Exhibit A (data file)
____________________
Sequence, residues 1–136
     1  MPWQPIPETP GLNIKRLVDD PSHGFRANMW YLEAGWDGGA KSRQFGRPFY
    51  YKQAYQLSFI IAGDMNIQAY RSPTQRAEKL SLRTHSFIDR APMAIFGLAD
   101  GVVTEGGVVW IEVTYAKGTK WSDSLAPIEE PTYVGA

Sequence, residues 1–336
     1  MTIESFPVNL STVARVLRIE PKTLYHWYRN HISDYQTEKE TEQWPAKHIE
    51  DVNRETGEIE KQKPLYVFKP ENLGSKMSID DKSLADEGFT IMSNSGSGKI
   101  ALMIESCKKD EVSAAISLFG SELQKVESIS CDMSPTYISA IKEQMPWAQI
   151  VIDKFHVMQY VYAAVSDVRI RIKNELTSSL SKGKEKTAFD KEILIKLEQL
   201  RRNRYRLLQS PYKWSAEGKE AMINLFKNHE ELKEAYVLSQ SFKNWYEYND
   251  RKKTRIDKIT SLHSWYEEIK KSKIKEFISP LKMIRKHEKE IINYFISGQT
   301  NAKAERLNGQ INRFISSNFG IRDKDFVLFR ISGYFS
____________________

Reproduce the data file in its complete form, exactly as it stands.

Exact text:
Sequence, residues 1–136
     1  MPWQPIPETP GLNIKRLVDD PSHGFRANMW YLEAGWDGGA KSRQFGRPFY
    51  YKQAYQLSFI IAGDMNIQAY RSPTQRAEKL SLRTHSFIDR APMAIFGLAD
   101  GVVTEGGVVW IEVTYAKGTK WSDSLAPIEE PTYVGA

Sequence, residues 1–336
     1  MTIESFPVNL STVARVLRIE PKTLYHWYRN HISDYQTEKE TEQWPAKHIE
    51  DVNRETGEIE KQKPLYVFKP ENLGSKMSID DKSLADEGFT IMSNSGSGKI
   101  ALMIESCKKD EVSAAISLFG SELQKVESIS CDMSPTYISA IKEQMPWAQI
   151  VIDKFHVMQY VYAAVSDVRI RIKNELTSSL SKGKEKTAFD KEILIKLEQL
   201  RRNRYRLLQS PYKWSAEGKE AMINLFKNHE ELKEAYVLSQ SFKNWYEYND
   251  RKKTRIDKIT SLHSWYEEIK KSKIKEFISP LKMIRKHEKE IINYFISGQT
   301  NAKAERLNGQ INRFISSNFG IRDKDFVLFR ISGYFS